Good college financial aid bill can be made better

  • By Michelle Singletary
  • Wednesday, June 2, 2004 9:00pm
  • Business

House Republican leaders recently submitted a bill they claim is in the best interest of college students.

The College Access and Opportunity Act is supposed to expand access to higher education for millions of low- and middle-income students. It was introduced by Rep. John Boehner, R-Ohio, chairman of the Committee on Education and the Workforce, and Howard “Buck” McKeon, R-Calif., as part of the effort to reauthorize the Higher Education Act, which governs federal student loans.

Well, I’ve had a chance to look at the proposed legislation and in a nod to Roger Ebert and Richard Roeper, my favorite movie critics, here are my thumbs up or down on various provisions of the bill:

Thumbs down for a move that would change from fixed to variable the interest rate for consolidation loans. This is probably the most controversial issue in the bill. Anyone who has taken out student loans should be paying attention to this proposal.

Right now, student loan borrowers can bundle their various loans into one low fixed-rate loan that can be stretched out as long as 30 years. But we all know that interest rates are not likely to stay as low as they have been recently. If the provision passes and the loan rate is changed to variable, a lot of people will pay thousands of dollars more on their consolidated student loans.

Thumbs up for a proposal to increase loan limits for students in their first and second years. First-year student limits would increase from $2,625 to $3,500. Second-year student limits would increase from $3,500 to $4,500. However, the total amount an undergraduate could borrow would remain unchanged at $23,000.

There are those who think the aggregate loan limits should be higher. I’m not in that camp. Students are already saddled with an amazing amount of debt. I don’t think the government should be pushing the loan limit any higher. The answer to rising tuition costs isn’t in giving people the ability to borrow more. Instead, we should be exploring ways to make college more affordable.

Thumbs down for not significantly increasing Pell Grants, which are need-based assistance given to low-income undergraduates and certain postgraduate students.

This bill would cap the current maximum Pell Grant at $5,800 through 2011. As Rep. George Miller of California, the ranking Democrat on the House Education and the Workforce Committee, points out, last year’s maximum Pell Grant award was worth $500 less in real terms than the maximum award in 1976-77.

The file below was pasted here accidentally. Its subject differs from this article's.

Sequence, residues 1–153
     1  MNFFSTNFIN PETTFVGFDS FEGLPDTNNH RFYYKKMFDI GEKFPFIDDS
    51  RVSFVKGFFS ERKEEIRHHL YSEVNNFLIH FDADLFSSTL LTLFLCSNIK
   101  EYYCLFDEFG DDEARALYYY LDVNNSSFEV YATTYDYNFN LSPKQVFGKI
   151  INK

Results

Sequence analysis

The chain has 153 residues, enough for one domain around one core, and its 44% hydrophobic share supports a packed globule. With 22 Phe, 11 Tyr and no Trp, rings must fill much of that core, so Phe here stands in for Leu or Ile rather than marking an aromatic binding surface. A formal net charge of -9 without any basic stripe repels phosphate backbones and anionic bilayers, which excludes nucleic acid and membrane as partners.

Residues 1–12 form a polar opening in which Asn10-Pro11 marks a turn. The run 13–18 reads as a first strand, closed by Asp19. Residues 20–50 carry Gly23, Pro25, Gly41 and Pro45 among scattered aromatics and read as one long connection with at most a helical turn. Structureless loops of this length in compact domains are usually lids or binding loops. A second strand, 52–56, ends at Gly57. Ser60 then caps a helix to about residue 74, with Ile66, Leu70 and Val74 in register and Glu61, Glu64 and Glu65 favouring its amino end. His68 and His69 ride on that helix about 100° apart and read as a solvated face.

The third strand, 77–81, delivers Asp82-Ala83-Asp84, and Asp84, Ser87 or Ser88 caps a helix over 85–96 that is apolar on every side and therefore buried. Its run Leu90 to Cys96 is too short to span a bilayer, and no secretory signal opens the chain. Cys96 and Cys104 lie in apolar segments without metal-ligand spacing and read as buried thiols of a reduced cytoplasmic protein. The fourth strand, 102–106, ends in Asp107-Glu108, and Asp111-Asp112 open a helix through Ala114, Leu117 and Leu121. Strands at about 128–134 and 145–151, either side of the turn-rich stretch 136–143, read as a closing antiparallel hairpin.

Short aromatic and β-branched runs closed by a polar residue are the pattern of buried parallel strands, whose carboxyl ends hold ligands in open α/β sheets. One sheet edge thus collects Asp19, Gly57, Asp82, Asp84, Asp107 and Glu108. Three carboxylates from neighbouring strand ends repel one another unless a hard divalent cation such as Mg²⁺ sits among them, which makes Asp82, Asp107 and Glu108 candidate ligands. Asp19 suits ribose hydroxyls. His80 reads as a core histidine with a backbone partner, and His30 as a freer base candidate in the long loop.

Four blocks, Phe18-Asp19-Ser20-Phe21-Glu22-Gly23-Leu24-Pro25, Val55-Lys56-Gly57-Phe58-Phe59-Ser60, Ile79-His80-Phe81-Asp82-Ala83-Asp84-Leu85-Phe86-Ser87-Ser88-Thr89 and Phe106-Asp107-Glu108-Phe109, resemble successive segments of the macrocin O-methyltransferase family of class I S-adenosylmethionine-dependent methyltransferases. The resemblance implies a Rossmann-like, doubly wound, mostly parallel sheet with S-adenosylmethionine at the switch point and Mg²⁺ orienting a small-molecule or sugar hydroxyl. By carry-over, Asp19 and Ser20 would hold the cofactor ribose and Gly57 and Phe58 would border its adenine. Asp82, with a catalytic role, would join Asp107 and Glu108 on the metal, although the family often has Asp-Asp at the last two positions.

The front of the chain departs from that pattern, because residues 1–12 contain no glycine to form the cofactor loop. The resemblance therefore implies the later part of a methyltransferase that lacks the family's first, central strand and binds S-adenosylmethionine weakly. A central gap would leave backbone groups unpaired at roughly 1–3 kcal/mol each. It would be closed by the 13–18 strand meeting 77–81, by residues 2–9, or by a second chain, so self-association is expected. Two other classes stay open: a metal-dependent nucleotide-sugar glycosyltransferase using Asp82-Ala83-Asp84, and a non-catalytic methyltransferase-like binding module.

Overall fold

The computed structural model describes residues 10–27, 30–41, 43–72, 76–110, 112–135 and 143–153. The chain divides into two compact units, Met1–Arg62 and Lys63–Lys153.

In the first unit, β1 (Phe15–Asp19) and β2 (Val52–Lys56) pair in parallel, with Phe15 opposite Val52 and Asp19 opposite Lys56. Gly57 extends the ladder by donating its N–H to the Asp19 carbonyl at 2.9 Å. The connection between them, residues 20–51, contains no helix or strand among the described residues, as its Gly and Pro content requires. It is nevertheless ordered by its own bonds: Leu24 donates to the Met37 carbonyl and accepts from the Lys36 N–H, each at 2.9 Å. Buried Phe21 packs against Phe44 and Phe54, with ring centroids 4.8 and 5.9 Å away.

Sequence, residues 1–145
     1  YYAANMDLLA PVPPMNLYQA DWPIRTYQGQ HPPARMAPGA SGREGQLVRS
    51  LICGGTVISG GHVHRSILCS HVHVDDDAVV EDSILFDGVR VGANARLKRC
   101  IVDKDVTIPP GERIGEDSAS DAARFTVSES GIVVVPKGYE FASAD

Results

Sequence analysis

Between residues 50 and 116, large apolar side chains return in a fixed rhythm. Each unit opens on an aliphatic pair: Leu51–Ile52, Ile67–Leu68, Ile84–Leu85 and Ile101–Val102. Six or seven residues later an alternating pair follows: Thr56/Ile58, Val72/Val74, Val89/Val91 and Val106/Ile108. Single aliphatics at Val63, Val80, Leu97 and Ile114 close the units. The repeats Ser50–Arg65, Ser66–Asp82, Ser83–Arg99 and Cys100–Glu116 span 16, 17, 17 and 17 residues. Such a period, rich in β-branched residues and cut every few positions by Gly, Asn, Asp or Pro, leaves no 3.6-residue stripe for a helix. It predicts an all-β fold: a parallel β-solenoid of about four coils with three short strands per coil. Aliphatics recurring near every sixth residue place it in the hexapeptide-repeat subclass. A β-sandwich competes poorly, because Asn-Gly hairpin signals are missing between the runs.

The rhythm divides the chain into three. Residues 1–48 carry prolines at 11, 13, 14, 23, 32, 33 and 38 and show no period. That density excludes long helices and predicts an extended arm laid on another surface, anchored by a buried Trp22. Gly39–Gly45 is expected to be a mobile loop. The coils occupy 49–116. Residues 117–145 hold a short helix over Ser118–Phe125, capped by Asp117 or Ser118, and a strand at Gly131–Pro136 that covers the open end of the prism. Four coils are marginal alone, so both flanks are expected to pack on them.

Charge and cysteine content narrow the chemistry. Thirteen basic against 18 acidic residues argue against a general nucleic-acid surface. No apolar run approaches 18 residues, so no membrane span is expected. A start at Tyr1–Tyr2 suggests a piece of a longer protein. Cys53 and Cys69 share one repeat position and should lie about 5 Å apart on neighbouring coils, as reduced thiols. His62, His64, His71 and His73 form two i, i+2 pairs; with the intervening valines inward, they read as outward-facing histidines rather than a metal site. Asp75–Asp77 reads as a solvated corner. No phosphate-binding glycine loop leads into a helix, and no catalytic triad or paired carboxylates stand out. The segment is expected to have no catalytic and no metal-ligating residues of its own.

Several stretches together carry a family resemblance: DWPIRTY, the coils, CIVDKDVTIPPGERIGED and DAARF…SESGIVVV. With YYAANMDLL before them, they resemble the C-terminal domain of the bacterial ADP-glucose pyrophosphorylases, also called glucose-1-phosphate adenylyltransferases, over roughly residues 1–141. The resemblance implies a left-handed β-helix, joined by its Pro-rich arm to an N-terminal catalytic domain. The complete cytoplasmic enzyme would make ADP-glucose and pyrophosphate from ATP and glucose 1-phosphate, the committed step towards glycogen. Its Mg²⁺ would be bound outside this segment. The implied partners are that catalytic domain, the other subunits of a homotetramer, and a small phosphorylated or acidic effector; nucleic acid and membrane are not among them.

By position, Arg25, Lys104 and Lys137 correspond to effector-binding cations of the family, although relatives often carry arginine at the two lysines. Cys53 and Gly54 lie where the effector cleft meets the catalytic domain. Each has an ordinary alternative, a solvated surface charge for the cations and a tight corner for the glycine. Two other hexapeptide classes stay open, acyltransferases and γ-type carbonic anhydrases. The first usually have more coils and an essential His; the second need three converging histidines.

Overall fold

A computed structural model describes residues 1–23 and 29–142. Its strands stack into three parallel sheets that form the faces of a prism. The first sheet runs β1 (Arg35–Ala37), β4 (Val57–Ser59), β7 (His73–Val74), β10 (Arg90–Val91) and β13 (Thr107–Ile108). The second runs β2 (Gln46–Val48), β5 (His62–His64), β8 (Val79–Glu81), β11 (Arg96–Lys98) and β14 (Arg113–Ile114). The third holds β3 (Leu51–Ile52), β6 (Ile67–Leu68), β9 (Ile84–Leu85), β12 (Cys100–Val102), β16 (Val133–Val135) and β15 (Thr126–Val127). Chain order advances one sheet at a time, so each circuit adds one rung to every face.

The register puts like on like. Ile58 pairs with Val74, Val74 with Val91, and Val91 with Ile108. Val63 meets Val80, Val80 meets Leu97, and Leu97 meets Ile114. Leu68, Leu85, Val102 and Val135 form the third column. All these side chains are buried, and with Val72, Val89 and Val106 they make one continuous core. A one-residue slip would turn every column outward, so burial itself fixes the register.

By the mid-1990s, the maximum Pell Grant (currently $4,050) paid for only about 34 percent of the average cost of college (tuition, fees, room, and board) at a public four-year college, compared to 84 percent in the mid-1970s, according to a report by the Institute for Higher Education Policy and Scholarship America. It’s vital that we increase the pot for Pell Grants. If we don’t, soon only children of the rich will be able to afford a college education.

Thumbs up for proposing a year-round Pell Grant to help some students who want to accelerate their course-taking.

Thumbs up for a call to repeal the anti-competitive “single-holder” rule, which requires student borrowers who have all of their loans held by a single lender to consolidate with that lender, even if they could obtain better terms and service elsewhere. Repealing the requirement would allow borrowers to shop around for the best loan terms and services.

Thumbs up for a plan to eventually reduce student loan origination fees to 1 percent.

Thumbs up for a provision that would require lenders to report to all the major credit bureaus the payment histories of their borrowers. Sallie Mae, the nation’s leading provider of educational loans, received a lot of criticism (and rightfully so) because it decided, without telling its more than 7 million borrowers, that it would report loan information only to Innovis Data Solutions, a small credit bureau, and to Equifax, one of the big three.

Critics accused Sallie Mae of trying to hide its borrowers from competitors. Amid mounting criticism and threats of legislative action by Senate leaders, Sallie Mae reversed its policy and has now resumed reporting the repayment history of its borrowers to Experian and TransUnion, the other two major credit bureaus. There is no federal law that requires reporting to all the major credit bureaus. Until there is, there could be hundreds of other lenders harming the credit ratings of borrowers because their positive payment histories are not being reported.

Thumbs up for a provision that would put the spotlight on institutions that increase tuition and fees at more than twice the rate of inflation over a three-year period.